“I hate this,” muttered Grandmother. She picked up her faded mobcap—Turtle could not remember ever seeing her wear it, but it had lived on the bedpost as long as she could remember—and set it over the back of the wolf’s head. “Don’t wag your tail, no matter how much this amuses you. No, that won’t do. Your ears are too big.”

“The better to hear with,” said the wolf, still sounding amused. “And I hear now that the birds outside the clearing have fallen silent. Truly, if you would let me tear his throat out at the door, this would be much easier.”

“I don’t want to kill him,” growled Grandmother, sounding almost like a wolf herself.  “If he would simply go away…” She stuffed the wolf’s enormous ears under the mobcap, and draped it across the side of his face. With the quilt pulled up high and the fire burning down, Turtle thought that perhaps it was not completely unconvincing.

“He will not go away,” said the wolf, very softly. “He is coming even now.”

“I know,” said Grandmother, and dropped with grace that belied her age and slid underneath the bed.

The steps creaked.

“Amelia?” called a voice from outside the door. “Amelia?”

It was a male voice. It did not sound strange or monstrous. It didn’t sound the like the voice of a goat-killer, but who knew what they sounded like? Turtle wiggled in the blankets and peered out the narrow notch underneath the hinges.

“Go away!” yelled Grandmother. “I don’t want company!”

“Now Amelia…” said the woodsman, opening the door. “Don’t be like that.”

Grandmother groaned. She might have been acting, but Turtle thought that it was a particularly heartfelt sound. “I don’t feel well. I just want to sleep. I don’t have anything to say to you. Go away.”

He stood framed in the door. He was tall and rawboned and his face was lined, except for the skin around his eyes, which was smooth. He carried an axe in one hand, a wicked looking thing with a curved blade, and Turtle’s heart clenched at the sight of it.

“Don’t be like that, Amelia,” he said again. “I’m sorry you’re not feeling well. Can I make you some tea?”

“Just go away,” said Grandmother (whose name, yes, was Amelia).  “I have plenty of tea. I told you I didn’t want you here. I will feel better if you leave.”

The woodsman took a few steps closer.  “I came to say that I forgive you for the things you said earlier,” he said.

“For the love of god, will you just go?”

It was his death she was warning him away from, Turtle thought, and he didn’t seem to be listening.

In fact, he was staring at something by the foot of the bed.

“What is that?”

Turtle slithered around to the keyhole. Had the wolf’s tail popped out? What was he seeing?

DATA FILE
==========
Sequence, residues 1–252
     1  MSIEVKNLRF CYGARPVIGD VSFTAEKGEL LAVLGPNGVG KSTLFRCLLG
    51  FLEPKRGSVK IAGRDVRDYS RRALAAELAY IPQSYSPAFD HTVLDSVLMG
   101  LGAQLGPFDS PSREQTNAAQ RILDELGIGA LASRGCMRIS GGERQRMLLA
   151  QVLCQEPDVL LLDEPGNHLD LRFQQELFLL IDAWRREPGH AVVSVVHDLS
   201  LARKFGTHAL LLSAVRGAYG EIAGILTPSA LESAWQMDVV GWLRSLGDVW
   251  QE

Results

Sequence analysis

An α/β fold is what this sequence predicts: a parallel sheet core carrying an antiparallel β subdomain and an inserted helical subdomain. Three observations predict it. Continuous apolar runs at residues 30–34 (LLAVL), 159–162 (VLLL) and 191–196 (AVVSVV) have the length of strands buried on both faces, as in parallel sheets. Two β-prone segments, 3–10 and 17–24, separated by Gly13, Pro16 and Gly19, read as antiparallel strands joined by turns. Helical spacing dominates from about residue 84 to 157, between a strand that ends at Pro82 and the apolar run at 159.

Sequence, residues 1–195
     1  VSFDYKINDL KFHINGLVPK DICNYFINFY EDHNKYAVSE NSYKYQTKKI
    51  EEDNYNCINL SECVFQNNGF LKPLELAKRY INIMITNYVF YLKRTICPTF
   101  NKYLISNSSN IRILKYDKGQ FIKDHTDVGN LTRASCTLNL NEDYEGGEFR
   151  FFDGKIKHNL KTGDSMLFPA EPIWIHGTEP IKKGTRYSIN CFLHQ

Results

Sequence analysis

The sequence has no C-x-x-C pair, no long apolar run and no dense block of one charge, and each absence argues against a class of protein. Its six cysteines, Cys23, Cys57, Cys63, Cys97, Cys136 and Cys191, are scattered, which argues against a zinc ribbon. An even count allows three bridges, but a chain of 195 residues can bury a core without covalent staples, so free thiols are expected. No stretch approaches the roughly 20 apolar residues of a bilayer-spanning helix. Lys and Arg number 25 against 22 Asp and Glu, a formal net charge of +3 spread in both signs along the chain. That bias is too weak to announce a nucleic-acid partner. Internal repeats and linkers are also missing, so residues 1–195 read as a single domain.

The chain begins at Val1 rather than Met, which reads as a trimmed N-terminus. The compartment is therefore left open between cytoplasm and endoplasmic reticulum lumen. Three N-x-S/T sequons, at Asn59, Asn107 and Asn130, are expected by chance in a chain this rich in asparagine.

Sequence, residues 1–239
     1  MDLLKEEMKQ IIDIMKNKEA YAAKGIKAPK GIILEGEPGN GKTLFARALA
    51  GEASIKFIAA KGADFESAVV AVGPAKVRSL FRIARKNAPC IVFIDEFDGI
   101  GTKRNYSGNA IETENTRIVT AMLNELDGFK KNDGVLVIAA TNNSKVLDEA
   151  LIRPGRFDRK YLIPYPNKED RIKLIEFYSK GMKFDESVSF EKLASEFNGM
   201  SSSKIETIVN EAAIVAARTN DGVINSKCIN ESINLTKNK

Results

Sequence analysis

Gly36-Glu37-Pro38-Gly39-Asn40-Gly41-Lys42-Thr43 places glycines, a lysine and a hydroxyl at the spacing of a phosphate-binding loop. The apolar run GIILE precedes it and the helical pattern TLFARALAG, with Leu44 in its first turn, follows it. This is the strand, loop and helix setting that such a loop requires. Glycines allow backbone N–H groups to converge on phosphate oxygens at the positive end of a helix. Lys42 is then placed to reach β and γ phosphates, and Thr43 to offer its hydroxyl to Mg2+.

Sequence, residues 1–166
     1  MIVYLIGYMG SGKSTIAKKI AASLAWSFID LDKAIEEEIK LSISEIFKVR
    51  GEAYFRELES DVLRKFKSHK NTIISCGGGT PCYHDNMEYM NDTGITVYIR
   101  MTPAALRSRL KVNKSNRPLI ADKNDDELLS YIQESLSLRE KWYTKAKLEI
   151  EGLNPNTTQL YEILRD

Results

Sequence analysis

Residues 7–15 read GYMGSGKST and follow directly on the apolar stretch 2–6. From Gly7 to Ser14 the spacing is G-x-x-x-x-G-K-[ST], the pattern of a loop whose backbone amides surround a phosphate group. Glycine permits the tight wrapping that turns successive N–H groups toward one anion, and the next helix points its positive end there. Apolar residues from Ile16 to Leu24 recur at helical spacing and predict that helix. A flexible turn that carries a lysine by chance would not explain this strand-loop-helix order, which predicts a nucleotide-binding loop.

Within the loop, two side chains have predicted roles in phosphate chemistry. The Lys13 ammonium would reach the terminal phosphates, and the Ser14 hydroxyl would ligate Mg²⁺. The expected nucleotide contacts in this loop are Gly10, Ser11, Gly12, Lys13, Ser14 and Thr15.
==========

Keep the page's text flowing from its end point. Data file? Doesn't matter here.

“What?” asked Grandmother, and for the first time, Turtle could hear the fear in her voice. She craned her neck to one side, trying to see what the woodsman was looking at. Her left eye ached from not blinking.

It was the basket of muffins.

“Someone’s been here,” said the woodsman.  His voice was thick and choked. “Someone else came here. We talked about this…”

“It was one of my grandchildren,” said Grandmother wearily. “And you are a fool. I will see whoever I wish in my own house. Leave now, and don’t bother me again.”

She knows he won’t do it, Turtle thought. She wouldn’t sound so tired if she didn’t.

The woodsman stepped toward the bed. His face had gone red and blotchy. The straw mattress rustled a little as the wolf shifted his weight.

“We talked about this,” the woodsman said again, sounding almost plaintive, standing beside the bed.  Turtle thought that surely he must see through the disguise, surely the shape of the ears must be wrong or a tuft of gray fur would show through, something.

He lifted his axe over his head.

“Fool,” said Grandmother under the bed, with the finality of a death sentence.

The wolf erupted from the quilt.

For Turtle, watching through the keyhole, there was only a blur of grey and a flash of the orange quilt and a horrible yell that turned into a gurgle that turned into nothing at all. The woodsman’s body came crashing down. The wolf gave a muffled yelp and a snarl and the metal axe-blade clattered across the floor.

And then there was no sound at all.

Turtle flung the wardrobe door open, heedless of the very strict orders, and saw the wolf crouched atop the woodsman’s chest, his teeth still buried in the man’s throat. The orange quilt was splashed with blood, sodden with it, a color that matched the orange rather regrettably well.

“Well,” said Grandmother, surveying the scene, “that quilt’s had it.”

Turtle nodded.

The wolf let go. Turtle very deliberately did not look at what he had done to the woodsman’s neck.

“Are you hurt, my friend?” asked Grandmother.

The wolf licked at his shoulder briefly. “Hardly at all. He dropped his axe on me. It will heal.”

Grandmother pulled the quilt the rest of the way off the bed. “Well. I suppose…I suppose we should…”

She put her hand to her forehead and closed her eyes. “I am sorry, my friend,” she said. “I do not seem to be able to think right now.”

The wolf nodded. “Help me roll him onto the quilt,” he said. “The cub and I will see to the body. You should rest.”

“And have more tea,” said Turtle firmly.

“Yes,” said Grandmother after a moment. “Yes. You are both right.” She spread the quilt next to the dead man and grabbed his shoulder. Her eyes were averted and stared at a blank spot on the wall.

The wolf, with dexterous teeth, grabbed the woodsman’s clothing, and they rolled him face down onto the quilt. Grandmother pulled the far end over the top of him.

“I think that is all that I can do,” she said. Her lips were very white.

“It is all that needs to be done,” said the wolf. “Rest. When you are done resting, clean your den.”

“You’ll have to stain the boards,” said Turtle practically. “With walnut juice or something. You’ll never get all this blood up. When Father killed the white rooster and it got inside the back door without its head, we had to stain with walnut.”